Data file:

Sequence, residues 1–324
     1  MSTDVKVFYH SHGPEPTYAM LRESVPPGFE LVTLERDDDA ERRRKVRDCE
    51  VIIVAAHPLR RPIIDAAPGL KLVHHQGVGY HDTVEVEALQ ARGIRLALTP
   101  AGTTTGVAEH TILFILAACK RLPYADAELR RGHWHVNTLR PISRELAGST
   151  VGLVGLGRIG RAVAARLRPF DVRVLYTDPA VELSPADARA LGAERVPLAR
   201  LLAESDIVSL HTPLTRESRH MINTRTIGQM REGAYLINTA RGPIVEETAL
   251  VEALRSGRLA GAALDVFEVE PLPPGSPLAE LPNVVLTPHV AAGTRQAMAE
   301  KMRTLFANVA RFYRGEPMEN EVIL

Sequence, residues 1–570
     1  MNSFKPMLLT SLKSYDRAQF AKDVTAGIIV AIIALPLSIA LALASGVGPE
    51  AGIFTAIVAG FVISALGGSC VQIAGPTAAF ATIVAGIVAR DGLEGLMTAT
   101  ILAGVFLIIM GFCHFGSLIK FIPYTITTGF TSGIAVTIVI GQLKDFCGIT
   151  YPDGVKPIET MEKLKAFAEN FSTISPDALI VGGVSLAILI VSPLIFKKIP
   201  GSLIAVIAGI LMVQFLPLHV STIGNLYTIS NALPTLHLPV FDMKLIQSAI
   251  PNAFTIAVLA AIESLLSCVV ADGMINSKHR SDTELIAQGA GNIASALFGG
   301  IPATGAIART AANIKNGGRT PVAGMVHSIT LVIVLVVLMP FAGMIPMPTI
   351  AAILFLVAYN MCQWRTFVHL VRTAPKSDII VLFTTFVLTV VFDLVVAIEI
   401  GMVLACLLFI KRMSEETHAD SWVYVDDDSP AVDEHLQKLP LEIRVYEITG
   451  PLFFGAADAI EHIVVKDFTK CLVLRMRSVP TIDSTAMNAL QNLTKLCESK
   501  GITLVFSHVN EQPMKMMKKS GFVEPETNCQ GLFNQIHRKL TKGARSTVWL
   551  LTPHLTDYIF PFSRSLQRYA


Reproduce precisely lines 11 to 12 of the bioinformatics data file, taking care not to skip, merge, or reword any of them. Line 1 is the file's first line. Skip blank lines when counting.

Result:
    51  AGIFTAIVAG FVISALGGSC VQIAGPTAAF ATIVAGIVAR DGLEGLMTAT
   101  ILAGVFLIIM GFCHFGSLIK FIPYTITTGF TSGIAVTIVI GQLKDFCGIT